The elimination of pathogenic plaque biofilms is essential for infection prevention and treatment because periodontal disease is a significant medical challenge. Mechanical cleaning with brushing and flossing in personal care or professional scaling is currently the most cost-effective, safe, and effective method for controlling oral biofilm. In addition, some agents with antibacterial activity, such as antibiotics or antimicrobial materials, are used as an additional treatment to stop bacteria from growing too much. Unfortunately, these conventional antibacterial reagents only provide a limited improvement, and some of them come with undesirable side effects like diarrhea, vomiting, and tooth stains. Additionally, the recurrence of overgrown dental plaque and the development of antimicrobial resistance by oral pathogens will be induced by high antibiotic concentrations [5-7]. The effective diffusion barrier provided by the EPS in biofilms is a major contributor to the difficulty of biofilm removal. Because EPS restricts antimicrobial agents’ ability to penetrate biofilms, it is challenging for them to eradicate bacterial cells. As a result, the disruption of the EPS may be primarily responsible for the biofilms’ dispersion. Degradation enzymes for EPS components, such as protease, glycosidase, DNAase, and others, and have been used in a variety of strategies to disrupt EPS. However, it has been demonstrated that enzymatic degradation strategies are ineffective, and none of these potential therapeutic approaches are currently being utilized in clinical settings.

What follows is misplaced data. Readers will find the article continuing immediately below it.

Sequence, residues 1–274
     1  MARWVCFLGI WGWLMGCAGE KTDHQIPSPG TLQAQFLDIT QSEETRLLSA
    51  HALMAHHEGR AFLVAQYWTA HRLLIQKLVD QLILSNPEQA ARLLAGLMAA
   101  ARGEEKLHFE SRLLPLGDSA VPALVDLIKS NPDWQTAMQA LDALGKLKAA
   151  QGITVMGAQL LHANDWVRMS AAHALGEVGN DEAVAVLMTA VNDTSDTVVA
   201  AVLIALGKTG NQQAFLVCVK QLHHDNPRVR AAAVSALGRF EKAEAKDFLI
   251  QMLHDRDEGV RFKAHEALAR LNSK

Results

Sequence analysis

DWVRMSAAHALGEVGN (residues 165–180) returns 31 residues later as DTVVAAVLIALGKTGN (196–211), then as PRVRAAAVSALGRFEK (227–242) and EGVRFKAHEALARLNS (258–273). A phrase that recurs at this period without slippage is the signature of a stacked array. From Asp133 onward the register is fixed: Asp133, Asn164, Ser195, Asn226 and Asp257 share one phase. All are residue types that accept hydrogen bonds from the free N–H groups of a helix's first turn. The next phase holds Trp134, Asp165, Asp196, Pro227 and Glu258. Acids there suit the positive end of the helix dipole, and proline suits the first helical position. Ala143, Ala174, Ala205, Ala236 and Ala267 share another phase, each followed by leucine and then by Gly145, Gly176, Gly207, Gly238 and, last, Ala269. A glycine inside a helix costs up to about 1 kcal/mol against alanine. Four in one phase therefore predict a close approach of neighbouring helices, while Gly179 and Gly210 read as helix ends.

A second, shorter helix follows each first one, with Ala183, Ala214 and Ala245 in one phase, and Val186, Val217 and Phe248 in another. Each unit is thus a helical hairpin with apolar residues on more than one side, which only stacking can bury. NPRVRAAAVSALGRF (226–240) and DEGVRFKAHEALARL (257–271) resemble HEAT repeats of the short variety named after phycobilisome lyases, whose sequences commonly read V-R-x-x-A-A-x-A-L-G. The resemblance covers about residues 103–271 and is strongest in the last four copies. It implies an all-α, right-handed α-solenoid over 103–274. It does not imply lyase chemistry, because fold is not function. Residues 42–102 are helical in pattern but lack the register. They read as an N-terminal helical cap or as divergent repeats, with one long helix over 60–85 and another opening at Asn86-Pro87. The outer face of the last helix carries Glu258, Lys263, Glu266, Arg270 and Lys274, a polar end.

We first removed the biofilms of dental plaque from the surface of the teeth with cotton swabs in order to quantify the number of bacteria present. The swabs were then absorbed 1.0 mL of PBS, trailed by ultrasonic swaying to get a bacterial suspension . On NB agar plates, the bacteria suspension was then diluted and plated. The CFUs were counted after 48 hours of incubation at 37 degrees Celsius. The viability of planktonic S. aureus, E. coli, and P. gingivalis bacteria was assessed using live-dead staining. In a nutshell, the bacteria were cultured in the medium until they reached late log-phase (OD600 nm approximately 1.0). The bacterial cultures were then centrifuged for five minutes at 4000 rpm, the supernatant was removed, and the pellet was suspended three times in the wash buffer (0.85% NaCl). Then, the got microbe’s cells were treated with cationic dextrans at various fixations or 0.85% NaCl (as a control) for 16 h. Thusly, the examples of planktonic microorganisms was stained with a LIVE/DEAD BacLight Bacterial Practicality Pack (L7012, Thermo Fisher Logical, and USA) as per the maker’s guidelines. Then, the stained examples were inspected, and pictures were caught by ZEISS LSM980 confocal microscopy. Live bacteria with intact cell membranes were shown as green when incubated with the SYTO 9 stain and the propidium iodide nucleic acid stain provided in the kit, while dead bacteria with compromised cell membranes were shown as red.